This is the biographical post. Feel free to skip, if looking for more universal themes.
I suppose my first experience of limerence was a crushing crush on a girl at school (we were both 16/17 at the time). She was short, and pretty, with long brown hair, and no interest in me. I gazed at her in Biology lessons. And thought about her relentlessly. I eventually plucked up the courage to tell her, and suffered the crushing pain of rejection (somewhat leavened by the deep-down awareness that it was bloody obvious she didn’t feel the same). There was some relief from the telling and the certainty of disclosure, and looking back, I think it would be more accurate to describe it as proto-limerence (I certainly got over it quickly enough when I left school).
My second experience of limerence was the real thing. I was at university, and had a few simmering attractions, but nothing too noteworthy until I met LO1. She was completely inappropriate for the earnest young man that I was. Loud (gobby even), eight years older, smart-alec, a smoker and frequent user of illicit substances, tatooed and pierced (when that wasn’t a commonplace), engaged to someone else, and underneath the brash and confident exterior, deeply vulnerable and emotionally wounded. I liked her immediately. Many of my friends did not. Most importantly, in retrospect, there was obvious mutual sexual attraction (even obvious to a naif like me – LO1 wasn’t subtle). We spent a lot of time together, got drunk together, and I got more and more addicted. It was an optimal mix for limerence. She was engaged (adversity!), but her fiancé was often away for long periods (hope!). She was obviously interested (reciprocation!), but would back off from guilt or shame (uncertainty!). I meanwhile, pined and obsessed and desperately tried and failed to stop the intrusive thoughts and, you know, do some studying. In the end, I got so frustrated that I started dating someone else. Someone perfect for me. Someone single (good start), pretty, quirky and funny, who helped out at homeless shelters and animal sanctuaries (I’m not exaggerating), and who didn’t stand a chance in hell of securing my affections while LO1 existing in the world. After a few guilt-ridden months I called it off. Lesson learned: you don’t get to choose who you are infatuated with. I still have LO1’s phone number in my wallet.
My third experience of limerence was in my early twenties, when I met my wife. This one is your basic fairytale. Saw her across a crowded room. Knew immediately that this was someone almost certainly wholly inappropriate, and therefore irresistible. Bumped into her in said crowded room and hit it off. Caught the same train together after the party so we could keep talking. Arranged to meet again. And again. Reciprocation, bliss, marriage, kids, lasting affectional bonding.
My fourth experience of limerence was… unexpected after 15 years of happy marriage. It was also the stimulus for me discovering limerence as a concept, and starting this blog. LO3 worked for me (big red flag number one). Was engaged to someone else (big red flag number two). Was a skillful and inveterate flirt (eh, it’s all red flags from here on in), and we spent a lot of time together, talking. Knowing what I know now, all the elements are there: a sense of mutual attraction, uncertainty, adversity, and opportunity for intense interaction and bonding. It felt great. After a long period of contentedness, the thrill of novelty and the mania of limerence. Except now, for the first time in my life, limerence was a net negative force. I felt high a lot of the time, but then went home to my family and could not turn off thoughts about LO3. You can kid yourself for a while that you can handle it, and take the good without having to deal with the bad, but eventually you have to confront the fact that you are telling yourself a convenient lie. Spending “quality” time with my children whilst distracted continuously by thoughts of LO3 was the deciding factor. Some lies are too big to ignore.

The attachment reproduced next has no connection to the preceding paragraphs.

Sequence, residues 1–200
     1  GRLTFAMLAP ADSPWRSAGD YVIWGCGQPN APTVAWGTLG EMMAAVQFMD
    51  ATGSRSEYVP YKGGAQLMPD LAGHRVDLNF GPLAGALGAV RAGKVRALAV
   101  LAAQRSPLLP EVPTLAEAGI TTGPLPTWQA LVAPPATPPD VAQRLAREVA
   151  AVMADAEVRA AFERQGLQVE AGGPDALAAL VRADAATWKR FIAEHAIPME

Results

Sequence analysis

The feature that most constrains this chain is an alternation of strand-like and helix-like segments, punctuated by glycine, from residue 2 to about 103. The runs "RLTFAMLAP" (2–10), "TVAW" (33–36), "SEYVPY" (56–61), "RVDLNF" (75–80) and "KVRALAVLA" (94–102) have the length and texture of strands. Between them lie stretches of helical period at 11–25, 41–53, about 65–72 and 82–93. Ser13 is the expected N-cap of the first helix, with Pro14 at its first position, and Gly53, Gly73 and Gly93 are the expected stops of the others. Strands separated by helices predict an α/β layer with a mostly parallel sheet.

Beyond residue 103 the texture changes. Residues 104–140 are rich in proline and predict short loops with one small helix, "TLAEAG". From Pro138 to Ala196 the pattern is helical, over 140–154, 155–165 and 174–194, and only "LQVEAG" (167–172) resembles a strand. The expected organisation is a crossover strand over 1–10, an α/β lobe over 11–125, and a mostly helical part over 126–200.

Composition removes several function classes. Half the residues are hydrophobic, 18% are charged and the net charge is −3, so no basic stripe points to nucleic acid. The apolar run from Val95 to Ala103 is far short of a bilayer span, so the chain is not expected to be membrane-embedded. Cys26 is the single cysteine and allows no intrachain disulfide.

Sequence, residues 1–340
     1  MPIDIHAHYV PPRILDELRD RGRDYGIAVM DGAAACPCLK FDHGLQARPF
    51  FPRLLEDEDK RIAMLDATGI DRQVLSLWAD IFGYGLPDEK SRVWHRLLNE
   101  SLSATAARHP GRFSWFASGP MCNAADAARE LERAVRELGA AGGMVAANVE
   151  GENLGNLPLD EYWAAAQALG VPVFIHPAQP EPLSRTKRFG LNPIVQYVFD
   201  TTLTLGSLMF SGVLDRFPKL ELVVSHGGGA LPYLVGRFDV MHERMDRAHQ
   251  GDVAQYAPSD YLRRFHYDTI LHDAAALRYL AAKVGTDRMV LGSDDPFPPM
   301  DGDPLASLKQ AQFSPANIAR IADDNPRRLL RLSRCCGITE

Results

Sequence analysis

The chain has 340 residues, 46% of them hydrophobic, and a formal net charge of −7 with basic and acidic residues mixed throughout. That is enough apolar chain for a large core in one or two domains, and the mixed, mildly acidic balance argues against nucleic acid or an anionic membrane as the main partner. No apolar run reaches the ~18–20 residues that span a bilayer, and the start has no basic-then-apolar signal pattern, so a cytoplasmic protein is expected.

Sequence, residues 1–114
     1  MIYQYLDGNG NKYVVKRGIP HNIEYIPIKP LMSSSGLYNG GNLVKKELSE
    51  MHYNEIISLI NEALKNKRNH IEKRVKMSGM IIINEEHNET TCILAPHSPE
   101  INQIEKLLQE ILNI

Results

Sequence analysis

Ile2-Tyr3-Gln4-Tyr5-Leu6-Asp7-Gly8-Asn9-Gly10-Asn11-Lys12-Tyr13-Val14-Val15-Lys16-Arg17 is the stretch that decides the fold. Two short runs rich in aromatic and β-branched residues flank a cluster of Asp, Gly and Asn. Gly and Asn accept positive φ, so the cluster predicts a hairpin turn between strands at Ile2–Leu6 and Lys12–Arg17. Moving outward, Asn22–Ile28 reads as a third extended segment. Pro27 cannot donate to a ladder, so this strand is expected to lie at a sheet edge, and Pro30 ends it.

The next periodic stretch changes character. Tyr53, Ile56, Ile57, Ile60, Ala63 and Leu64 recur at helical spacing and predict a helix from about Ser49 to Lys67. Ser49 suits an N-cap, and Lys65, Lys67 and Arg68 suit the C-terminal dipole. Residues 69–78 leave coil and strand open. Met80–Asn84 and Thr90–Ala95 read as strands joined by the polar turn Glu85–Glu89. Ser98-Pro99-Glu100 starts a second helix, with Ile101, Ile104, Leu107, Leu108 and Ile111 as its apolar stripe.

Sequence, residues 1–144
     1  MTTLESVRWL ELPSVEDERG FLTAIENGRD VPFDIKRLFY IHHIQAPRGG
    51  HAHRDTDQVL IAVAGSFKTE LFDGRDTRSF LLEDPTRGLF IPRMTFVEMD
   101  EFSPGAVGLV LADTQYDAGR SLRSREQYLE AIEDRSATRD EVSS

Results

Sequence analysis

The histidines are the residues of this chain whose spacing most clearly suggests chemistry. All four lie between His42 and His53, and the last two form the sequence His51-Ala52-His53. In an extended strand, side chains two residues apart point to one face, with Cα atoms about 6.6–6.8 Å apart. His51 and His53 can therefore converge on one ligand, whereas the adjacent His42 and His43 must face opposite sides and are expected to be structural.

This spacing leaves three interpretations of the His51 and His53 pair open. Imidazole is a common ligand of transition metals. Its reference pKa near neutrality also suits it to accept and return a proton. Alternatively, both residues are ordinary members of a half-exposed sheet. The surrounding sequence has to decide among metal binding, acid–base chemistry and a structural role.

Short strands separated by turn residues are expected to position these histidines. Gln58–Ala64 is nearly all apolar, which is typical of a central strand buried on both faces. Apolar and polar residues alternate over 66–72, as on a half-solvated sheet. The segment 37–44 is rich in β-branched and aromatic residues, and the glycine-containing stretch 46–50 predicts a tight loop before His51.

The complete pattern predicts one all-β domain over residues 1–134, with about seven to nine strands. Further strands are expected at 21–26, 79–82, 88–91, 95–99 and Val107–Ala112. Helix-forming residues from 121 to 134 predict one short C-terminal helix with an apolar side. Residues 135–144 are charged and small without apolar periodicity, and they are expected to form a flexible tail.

So, simple enough: the escalating limerence has to stop. Usefully, I was getting the vibe from LO3 that she wanted it to stop too. So, I’ll just turn it off then: *turns switch*… *turns switch again*… *turns switch increasingly frantically*… Oh shit.
Then followed a period of introspection, study into male mid-life crises (I’m such a cliche), the discovery of limerence and the road to Damascus moment. I’m making it sound linear, but it wasn’t. In the midst of the angst, I disclosed to my wife what was happening. She wasn’t very happy, but she also knows me so well that she had had an inkling. There followed some frank and… emotionally charged conversations about the state of our marriage. Once I’d learned about limerence I described it to her. And then came the kicker: she was a serial limerent herself. It turns out that I’m a lightweight. All through our marriage, she has wrestled with the same issues. Hooray! Crap!
So, we are now emerging from a rather tumultuous period. Our marriage has lost some of the innocence of ignorance, but we are both wiser and better equipped to face the challenge of limerence in the future. No more fairytales, but then that’s not a sensible way to live, after all.
LO3 no longer works for me, but I still see her occasionally. We keep the topics of conversation light, and the limerence has faded. She’s still one of my favourite people to spend time with, but I know that friendship is impossible, and I’m OK with that.